seven columns, massy and grey,
were at one time part of its inheritance. Is it better, I wonder, to begin life with a few illusions, a little glow, a pardonable capacity for enthusiasm, or to be so healthily free from every breath of sentiment as to be capable—at eighteen—of buying comic bears within the melancholy portals of Chillon.
Travelling, like novel-writing, is but a modern form of activity; and tourists, like novelists, are increasing at so fearful a rate of speed that foreign countries and library shelves bid fair to be equally overrun. There was a time when good men looked askance both upon the page of fable, and upon those far countries where reality was stranger than romance. "I was once in Italy myself," confesses the pious Roger Ascham; "but I thank God my abode there was but nine days." Nine days seem a scant allowance for Italy. Even the business-like traveller who now scampers "more Americano" over Europe is wont to deal more generously with this, its fairest land. But in Roger Ascham's time nine days would hardly have permitted a glimpse at the wonders from which he so swiftly and fearfully withdrew.
Now and then, as years went by, men with a genuine love of roving and adventure wandered far afield, unbaffled by difficulties, and unscandalized by foreign creeds and customs. James Howell, that most delightful of gossips and chroniclers, has so much to say in praise of "the sweetness and advantage of travel," that even now his letters—nearly three hundred years old—stir in our hearts the wayfarer's restless longing. After being "toss'd from shore to shore for thirty-odd months," he can still write stoutly: "And tho' these frequent removes and tumblings under climes of differing temper were not without some danger, yet the delight which accompany'd them was far greater; and it is impossible for any man to conceive the true pleasure of peregrination, but he who actually enjoys and puts it into practice." Moreover, he is well assured that travel is "a profitable school, a running academy, and nothing conduceth more to the building up and perfecting of a man. They that traverse the world up and down have the clearest understanding; being faithful eye-witnesses of those things which others receive but in trust, whereunto they must yield an intuitive consent, and a kind of implicit faith."
In one respect, however, Howell was a true son of his day, of the day when Prelacy and Puritanism alternately afflicted England. For foreign cities and foreign citizens he had a keen and intelligent appreciation; nothing daunted his purpose, nor escaped his observation; but he drew the line consistently at the charms of nature. The "high and hideous Alps" were as abhorrent to his soul as they were, a century later, to Horace Walpole's. It was the gradual—I had almost said the regrettable—discovery of beauty in these "uncouth, huge, monstrous excrescences" which gave a new and powerful impetus to travel. Here at least were innocent objects of pilgrimage, wonders uncontaminated by the evils which were vaguely supposed to lurk in the hearts of Paris and of Rome. It was many, many years after Roger Ascham's praiseworthy flight from Italy that we find Patty More, sister to the ever-virtuous Hannah, writing apprehensively to a friend:—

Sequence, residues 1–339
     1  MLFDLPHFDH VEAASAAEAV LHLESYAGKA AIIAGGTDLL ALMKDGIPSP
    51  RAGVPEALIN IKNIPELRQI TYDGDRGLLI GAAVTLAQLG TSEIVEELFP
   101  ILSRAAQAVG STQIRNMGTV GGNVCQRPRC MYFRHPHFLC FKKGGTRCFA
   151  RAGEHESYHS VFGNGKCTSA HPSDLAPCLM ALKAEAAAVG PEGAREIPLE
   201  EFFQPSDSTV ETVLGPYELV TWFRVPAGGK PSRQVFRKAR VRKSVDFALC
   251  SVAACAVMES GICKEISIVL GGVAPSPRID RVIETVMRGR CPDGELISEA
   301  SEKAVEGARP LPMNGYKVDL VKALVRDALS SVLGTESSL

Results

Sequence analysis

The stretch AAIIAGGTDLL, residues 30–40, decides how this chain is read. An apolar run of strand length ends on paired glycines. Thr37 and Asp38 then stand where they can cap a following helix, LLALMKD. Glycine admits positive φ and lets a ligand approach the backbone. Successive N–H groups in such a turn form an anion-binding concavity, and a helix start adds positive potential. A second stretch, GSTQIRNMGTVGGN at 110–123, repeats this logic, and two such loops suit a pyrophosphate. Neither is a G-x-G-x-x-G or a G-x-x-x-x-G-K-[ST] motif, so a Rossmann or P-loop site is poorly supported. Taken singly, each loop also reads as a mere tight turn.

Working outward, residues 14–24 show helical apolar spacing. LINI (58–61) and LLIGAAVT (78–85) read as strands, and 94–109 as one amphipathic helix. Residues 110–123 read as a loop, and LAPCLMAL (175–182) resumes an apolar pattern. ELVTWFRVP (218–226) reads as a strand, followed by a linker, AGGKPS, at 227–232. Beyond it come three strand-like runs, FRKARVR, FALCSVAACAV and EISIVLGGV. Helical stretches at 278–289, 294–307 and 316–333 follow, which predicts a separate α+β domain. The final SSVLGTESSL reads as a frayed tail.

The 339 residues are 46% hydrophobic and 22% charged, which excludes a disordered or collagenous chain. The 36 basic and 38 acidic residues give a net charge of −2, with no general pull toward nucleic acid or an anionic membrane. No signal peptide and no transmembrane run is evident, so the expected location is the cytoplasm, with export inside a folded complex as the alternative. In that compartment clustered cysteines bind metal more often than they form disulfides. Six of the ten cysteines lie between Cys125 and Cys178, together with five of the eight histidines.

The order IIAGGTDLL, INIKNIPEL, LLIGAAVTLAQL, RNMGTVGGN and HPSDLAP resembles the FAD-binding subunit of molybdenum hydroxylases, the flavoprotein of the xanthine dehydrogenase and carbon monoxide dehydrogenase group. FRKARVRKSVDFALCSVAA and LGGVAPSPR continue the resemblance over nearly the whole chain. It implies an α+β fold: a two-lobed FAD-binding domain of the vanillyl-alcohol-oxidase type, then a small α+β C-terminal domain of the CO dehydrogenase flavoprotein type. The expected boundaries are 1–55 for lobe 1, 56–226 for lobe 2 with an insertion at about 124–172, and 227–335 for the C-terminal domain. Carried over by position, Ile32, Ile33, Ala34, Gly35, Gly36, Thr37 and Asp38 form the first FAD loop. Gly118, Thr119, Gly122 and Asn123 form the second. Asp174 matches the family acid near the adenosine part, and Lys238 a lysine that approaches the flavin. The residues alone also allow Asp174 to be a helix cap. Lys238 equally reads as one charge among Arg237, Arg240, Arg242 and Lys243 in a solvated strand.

"What is to become of us? All the world, as it seems, flying off to France, that land of deep corruption and wickedness, made hotter in sin by this long and dreadful Revolution. The very curates in our neighbourhood have been. I fear a deterioration in the English character is taking place. The Ambassador's lady in Paris could not introduce the English ladies till they had covered up their bodies."
This sounds rather as though England were corrupting France. Perhaps, notwithstanding the truly reprehensible conduct of the curates,—for whom no excuse can be made,—the exodus was not so universal as the agitated Mrs. Patty seemed to think. There were still plenty of stay-at-homes, lapped in rural virtues, and safe from contamination;—like the squire who told Jane Austen's father that he and his wife had been quarrelling the night before as to whether Paris were in France, or France in Paris. The "Roman Priest Conversion Branch Tract Society" gave to bucolic Britain all the Continental details it required.
But when the "hideous Alps" became the "matchless heights," the "palaces of Nature," when poets had sung their praises lustily, and it had dawned upon the minds of unpoetic men that they were not merely obstacles to be crossed, but objects to be looked at and admired;—then were gathered slowly the advance guards of that mighty army of sight-seers which sweeps over Europe to-day. "Switzerland," writes Mr. James gloomily, "has become a show country. I think so more and more every time I come here. Its use in the world is to reassure persons of a benevolent imagination who wish the majority of mankind had only a little more elevating amusement. Here is amusement for a thousand years, and as elevating certainly as mountains five miles high can make it. I expect to live to see the summit of Mount Rosa heated by steam-tubes, and adorned with a hotel setting three dinners a day."